We are only beginning to learn the full structural and functional complexity of the cis-SNARE complex. The core of this and other SNARE complexes is undoubtedly composed of a four-helix bundle (Katz et al. 1998; Poirier et al. 1998; Sutton et al. 1998) with a t-SNARE, v-SNARE, and s-SNARE. However, these core elements may be insufficient for function. The vacuole 65S complex contains the cis-SNARE complex, consisting of Vam3p, Vam7p, Nyv1p, Vti1p, Ykt6p, Sec17p, Sec18p, and LMA1, and Vam2/6p itself contains additional subunits (Seals, D., G. Eitzen, W. Wickner, and A. Price, manuscript in preparation). Thus far, these multiple subunits do not appear to be redundant, as deletion or antibody inhibition of each of them (after priming, when the constituent subunits are separated from one another) has a major deleterious effect on the reaction (Nichols et al. 1997; Ungermann and Wickner 1998; Ungermann et al. 1999). We find a smaller percent of SNAREs in complex with Vam2/6p (Fig. 3 B) than the percent of Vam2/6p that is associated with SNAREs (Fig. 3 D), suggesting that there are extra cis-SNARE complexes without Vam2/6p. This fits with the observation that trans-SNARE complexes, which need Vam2/6p to form, only encompass a small percent of the SNAREs (Ungermann et al. 1998b), and with observations in other systems such as yeast plasma membrane t-SNAREs being all over the bud rather than exclusively at the fusion site at the bud tip (Brennwald et al. 1994), and in neurons where t-SNAREs are not exclusively at the synapse (Garcia et al. 1995). Vam2/6p is localized in vivo to one or two discrete spots per vacuole (Nakamura et al. 1997), suggesting that like the exocyst on the plasma membrane, the localization of this complex determines the site of membrane docking. Critical testing of these ideas must await the determination of whether the same SNAREs that are in complex with Vam2/6p are those that form the trans-SNARE pairs.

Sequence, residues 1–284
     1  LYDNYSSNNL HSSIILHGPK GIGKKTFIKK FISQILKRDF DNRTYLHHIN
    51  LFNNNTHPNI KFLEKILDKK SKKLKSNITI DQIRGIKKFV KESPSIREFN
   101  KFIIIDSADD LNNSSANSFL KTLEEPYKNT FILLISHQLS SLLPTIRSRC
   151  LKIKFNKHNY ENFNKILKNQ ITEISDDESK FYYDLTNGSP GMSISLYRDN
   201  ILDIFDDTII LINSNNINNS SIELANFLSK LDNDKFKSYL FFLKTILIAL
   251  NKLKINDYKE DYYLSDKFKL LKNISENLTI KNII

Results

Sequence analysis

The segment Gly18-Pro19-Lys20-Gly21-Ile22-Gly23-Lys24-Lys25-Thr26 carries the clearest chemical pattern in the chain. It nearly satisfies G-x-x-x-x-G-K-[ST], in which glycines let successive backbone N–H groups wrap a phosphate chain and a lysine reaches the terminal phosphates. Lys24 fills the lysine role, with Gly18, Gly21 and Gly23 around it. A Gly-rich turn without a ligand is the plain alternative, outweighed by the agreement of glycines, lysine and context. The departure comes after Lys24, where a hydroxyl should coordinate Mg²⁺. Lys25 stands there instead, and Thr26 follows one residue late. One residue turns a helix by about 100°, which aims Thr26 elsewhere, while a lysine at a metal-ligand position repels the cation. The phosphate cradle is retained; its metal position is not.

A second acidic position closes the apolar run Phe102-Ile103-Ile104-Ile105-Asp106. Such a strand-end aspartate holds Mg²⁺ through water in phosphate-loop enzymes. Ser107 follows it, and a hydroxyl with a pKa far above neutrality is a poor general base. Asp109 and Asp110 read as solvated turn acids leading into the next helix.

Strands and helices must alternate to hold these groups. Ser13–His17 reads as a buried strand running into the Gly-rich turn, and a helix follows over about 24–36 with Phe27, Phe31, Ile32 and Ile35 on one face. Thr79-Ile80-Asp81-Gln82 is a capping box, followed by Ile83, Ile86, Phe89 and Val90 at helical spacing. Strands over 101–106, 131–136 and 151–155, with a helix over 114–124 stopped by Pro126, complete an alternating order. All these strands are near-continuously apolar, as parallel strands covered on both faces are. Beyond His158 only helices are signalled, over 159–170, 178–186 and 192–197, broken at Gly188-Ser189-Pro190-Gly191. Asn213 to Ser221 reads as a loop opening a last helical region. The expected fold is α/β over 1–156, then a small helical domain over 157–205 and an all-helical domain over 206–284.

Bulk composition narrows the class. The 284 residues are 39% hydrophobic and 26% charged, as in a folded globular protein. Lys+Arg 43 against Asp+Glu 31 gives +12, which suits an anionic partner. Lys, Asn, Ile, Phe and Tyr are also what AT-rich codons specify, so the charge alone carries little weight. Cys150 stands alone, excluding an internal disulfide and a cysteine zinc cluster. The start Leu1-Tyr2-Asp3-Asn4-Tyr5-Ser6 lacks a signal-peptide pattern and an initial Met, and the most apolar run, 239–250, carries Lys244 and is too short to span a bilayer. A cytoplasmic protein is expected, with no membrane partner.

We thank Dr. Yoh Wada for providing the HA-VAM6 plasmid, Dr. Gary Eitzen for the pGST-Ypt7 construct, and Dr. Greg Payne for anti-Kex2p. We thank Drs. Charles Barlowe, Jerry Eichler, Gary Eitzen, Daniel Klionsky, Zuoyu Xu, and especially Dr. Tom Rapoport for helpful discussions, and Dr. Scott Emr for communicating unpublished results. We thank Li Wang for generously sharing preliminary results.
This research was supported by a grant from the National Institute of General Medical Sciences. C. Ungermann was supported by a postdoctoral fellowship from the Deutsche Forschungsgemeinschaft (DFG).
A. Price's present address is Department of Cell Biology, Sterling Hall of Medicine, C441, Yale University School of Medicine, 333 Cedar Street, P.O. Box 208002, New Haven, CT 06520-8002.
C. Ungermann's present address is Biochemie-Zentrum Heidelberg, Im Neuenheimer Feld 328, 69120 Heidelberg, Germany.
The website for this laboratory is located at http://www.dartmouth.edu/~wickner
Abbreviations used in this paper: GST, glutathione S-transferase; HA, hemagglutinin; LMA1, low molecular weight activity #1; NSF, N-ethylmaleimide sensitive factor; SNARE, SNAP receptor; TRAPP, transport protein particle.